Environmental pollution is defined as the undesirable change in physical, chemical and biological characters of air, water and soil. In other words, pollution is the release of those foreign substances in air, water or soil, which may kill or harm living organisms.
Pollution can be caused by natural or man-made sources. The natural sources of environmental pollution are: respiration by living organisms, decomposition of dead parts and bodies of animals and plants, forest fires, volcanic eruptions and light storms. The man-made sources of environmental pollution are: burning of fossil fuels such as coal, petroleum and natural gas in factories, motor vehicles and kitchens, mining of radioactive substances, nuclear power plants and deforestation.
The substances that cause environmental pollution are called pollutants. Some of the examples of pollutants are: DDT, insecticides, carbon monoxide, plastics, glass, sulphur dioxide, dust particles and smoke.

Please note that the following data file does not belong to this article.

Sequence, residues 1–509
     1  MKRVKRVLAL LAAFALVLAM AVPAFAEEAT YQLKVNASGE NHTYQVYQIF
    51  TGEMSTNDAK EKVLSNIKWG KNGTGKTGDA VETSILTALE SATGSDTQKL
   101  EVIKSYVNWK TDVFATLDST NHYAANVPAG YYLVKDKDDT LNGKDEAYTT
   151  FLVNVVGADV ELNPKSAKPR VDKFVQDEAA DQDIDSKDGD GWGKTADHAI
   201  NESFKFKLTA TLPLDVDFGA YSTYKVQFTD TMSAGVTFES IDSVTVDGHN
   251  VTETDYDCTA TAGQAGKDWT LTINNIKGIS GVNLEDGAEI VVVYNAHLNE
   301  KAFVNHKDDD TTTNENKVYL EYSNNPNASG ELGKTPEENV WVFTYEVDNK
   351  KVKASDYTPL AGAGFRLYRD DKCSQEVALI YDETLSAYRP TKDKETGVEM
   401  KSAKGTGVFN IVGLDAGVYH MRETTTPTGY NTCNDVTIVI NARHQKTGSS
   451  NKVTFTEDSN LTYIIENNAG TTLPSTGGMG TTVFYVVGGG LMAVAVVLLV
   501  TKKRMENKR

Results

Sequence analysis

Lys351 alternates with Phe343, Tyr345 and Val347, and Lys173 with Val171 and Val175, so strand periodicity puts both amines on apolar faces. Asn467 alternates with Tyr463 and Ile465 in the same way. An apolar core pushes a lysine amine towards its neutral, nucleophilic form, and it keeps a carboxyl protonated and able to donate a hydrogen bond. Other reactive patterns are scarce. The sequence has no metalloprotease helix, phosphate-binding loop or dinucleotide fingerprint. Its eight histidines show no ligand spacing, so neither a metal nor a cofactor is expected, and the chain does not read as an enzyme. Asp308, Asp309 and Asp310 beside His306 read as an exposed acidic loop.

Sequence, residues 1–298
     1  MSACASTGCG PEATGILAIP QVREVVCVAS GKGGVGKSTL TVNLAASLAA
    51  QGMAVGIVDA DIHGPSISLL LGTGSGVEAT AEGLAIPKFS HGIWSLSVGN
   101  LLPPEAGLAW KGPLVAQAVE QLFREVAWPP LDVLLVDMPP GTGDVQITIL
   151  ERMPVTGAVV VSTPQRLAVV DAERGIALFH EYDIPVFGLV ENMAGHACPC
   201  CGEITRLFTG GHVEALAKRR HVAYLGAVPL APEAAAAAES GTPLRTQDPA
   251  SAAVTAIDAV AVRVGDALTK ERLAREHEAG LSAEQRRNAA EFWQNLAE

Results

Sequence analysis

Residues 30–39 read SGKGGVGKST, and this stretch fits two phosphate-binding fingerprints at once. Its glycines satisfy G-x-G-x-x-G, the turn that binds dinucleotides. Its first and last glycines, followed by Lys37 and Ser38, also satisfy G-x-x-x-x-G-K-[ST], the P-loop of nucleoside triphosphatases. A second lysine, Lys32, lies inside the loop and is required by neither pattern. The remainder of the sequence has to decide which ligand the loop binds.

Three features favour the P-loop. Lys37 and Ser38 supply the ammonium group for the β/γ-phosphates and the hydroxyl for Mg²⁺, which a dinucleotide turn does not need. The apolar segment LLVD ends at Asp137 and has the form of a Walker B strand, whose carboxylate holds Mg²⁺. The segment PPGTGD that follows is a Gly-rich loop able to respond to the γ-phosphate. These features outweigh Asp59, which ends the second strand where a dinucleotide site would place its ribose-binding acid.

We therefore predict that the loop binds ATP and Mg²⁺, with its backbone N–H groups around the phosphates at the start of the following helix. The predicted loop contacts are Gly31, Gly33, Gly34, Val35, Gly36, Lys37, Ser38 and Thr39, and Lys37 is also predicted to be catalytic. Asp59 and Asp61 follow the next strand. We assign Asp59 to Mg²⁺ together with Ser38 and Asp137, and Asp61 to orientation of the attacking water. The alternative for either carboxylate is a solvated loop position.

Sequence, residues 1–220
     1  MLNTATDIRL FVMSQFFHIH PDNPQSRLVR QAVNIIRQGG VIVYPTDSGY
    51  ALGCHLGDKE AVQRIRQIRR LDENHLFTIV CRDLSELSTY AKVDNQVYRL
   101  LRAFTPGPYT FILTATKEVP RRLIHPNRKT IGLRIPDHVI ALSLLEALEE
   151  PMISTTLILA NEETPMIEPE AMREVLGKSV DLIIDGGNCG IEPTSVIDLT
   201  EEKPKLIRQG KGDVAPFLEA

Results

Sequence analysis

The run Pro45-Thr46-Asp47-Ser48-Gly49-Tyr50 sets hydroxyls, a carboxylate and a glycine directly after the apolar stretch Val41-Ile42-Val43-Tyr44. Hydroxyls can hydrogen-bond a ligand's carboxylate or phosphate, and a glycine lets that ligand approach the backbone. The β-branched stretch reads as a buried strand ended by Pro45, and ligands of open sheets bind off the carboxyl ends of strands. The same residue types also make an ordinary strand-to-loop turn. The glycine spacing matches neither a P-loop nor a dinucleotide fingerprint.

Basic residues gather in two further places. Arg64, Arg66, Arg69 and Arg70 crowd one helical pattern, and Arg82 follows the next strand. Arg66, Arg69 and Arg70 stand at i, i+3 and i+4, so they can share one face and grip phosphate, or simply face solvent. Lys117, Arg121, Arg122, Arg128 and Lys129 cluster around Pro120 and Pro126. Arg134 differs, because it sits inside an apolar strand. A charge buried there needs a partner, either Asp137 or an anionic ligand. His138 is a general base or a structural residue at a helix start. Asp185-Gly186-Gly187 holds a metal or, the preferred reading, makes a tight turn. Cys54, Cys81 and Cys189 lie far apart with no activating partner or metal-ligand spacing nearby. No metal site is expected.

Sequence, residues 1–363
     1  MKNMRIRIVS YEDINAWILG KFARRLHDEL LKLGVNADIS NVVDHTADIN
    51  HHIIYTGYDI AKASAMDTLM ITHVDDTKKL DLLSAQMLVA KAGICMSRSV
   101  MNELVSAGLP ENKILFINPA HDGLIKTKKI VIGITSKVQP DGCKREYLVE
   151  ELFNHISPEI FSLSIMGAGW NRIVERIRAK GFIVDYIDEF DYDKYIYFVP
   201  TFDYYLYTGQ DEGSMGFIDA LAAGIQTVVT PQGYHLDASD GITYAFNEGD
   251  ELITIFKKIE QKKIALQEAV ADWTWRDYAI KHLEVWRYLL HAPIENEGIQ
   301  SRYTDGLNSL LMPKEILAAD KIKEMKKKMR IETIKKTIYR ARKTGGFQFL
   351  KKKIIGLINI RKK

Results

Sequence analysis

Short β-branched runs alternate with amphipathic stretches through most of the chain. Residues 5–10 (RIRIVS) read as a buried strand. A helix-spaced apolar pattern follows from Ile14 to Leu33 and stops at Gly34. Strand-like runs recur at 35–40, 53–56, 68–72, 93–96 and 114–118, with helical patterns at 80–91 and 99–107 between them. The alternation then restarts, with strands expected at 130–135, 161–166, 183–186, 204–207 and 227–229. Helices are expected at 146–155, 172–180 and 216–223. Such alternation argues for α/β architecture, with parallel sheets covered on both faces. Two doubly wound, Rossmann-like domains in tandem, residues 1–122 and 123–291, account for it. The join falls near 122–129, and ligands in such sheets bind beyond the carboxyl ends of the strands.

Classification of Pollutants
All the pollutants are generally classified into two groups:
1. Biodegradable pollutants
2. Non-biodegradable pollutants
Those pollutants which can be broken into simple and harmless substances by the activity of microorganisms are called biodegradable pollutants. Examples of biodegradable pollutants are: paper, wood, clothes, cattle dung, sewage, agricultural residue, leather and faecal matter.
Those pollutants which cannot be broken into simple and harmless substances by the activity of microorganisms are called non-biodegradable pollutants. Examples of non-biodegradable pollutants are: DDT, plastics, metal containers, polythene bags, lead, mercury, radioactive wastes and detergents.
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